What is your creative contribution to Miyake’s exhibition? I know that you’ve designed the model hangers for the show.

TY: I have designed the two spaces where Mr. Miyake’s clothing from the 1970s and the subsequent Body Series will be exhibited respectively. In both spaces, I have designed the new Grid Body especially for the Miyake Issay exhibition, and will use the new bodies to exhibit Mr. Miyake’s clothing on them.

Were Issey Miyake your mentor when you started as a designer? How has your relationship evolved in time?

TY: Mr. Miyake, without doubt, is my design mentor. I have been involved in his various projects during the past 23 years. My involvement started by designing accessories for Issey Miyake’s Paris collections, and then broadened to design Issey Miyake stores and exhibitions in the following years. For me, Mr. Miyake is not only a designer but also a person with a historical significance who has been creating a culture itself, and I am grateful to have been trained by such a great figure.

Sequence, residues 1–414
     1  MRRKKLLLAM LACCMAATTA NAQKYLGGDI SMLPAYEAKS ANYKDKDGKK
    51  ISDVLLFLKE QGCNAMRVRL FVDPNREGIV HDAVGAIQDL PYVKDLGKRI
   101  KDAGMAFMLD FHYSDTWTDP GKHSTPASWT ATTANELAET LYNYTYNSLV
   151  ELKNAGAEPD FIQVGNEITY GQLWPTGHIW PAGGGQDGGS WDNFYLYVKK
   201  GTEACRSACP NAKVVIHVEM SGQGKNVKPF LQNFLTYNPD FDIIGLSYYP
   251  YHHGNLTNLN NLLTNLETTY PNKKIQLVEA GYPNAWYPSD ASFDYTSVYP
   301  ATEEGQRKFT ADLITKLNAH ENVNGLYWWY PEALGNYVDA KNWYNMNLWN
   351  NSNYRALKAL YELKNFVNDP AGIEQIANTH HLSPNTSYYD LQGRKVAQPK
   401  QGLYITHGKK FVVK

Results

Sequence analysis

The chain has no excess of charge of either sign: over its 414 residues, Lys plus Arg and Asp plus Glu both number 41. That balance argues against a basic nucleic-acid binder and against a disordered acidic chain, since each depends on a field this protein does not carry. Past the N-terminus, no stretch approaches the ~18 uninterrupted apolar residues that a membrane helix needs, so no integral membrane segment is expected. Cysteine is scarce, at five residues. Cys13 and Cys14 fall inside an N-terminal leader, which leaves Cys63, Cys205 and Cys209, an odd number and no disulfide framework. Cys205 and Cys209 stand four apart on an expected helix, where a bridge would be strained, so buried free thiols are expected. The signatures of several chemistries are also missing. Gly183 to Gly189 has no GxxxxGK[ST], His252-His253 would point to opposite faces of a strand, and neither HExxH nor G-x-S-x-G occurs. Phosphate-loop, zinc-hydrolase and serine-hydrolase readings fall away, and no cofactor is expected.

You are now highly renown as a designer and author of poetic and vibrant installations, in which the material becomes immaterial, highly visual and radiant. Is light central to your creations? How does it impact on your collaboration with Issey Miyake?

TY: I have learned the value to respect freedom in design from Mr. Issey Miyake. I understand that the value can broaden the possibilities of design. He has also taught that the power to move people comes from the hard work to experiment and challenge new and innovative methodologies. Light has been one of the central themes for me for many years. Natural elements such as light, smell and breeze do not show the same look twice, and this is why they express the beauty that far transcends our imagination. I hope to express the feelings that we get when we place ourselves in such natural environments through my design work. •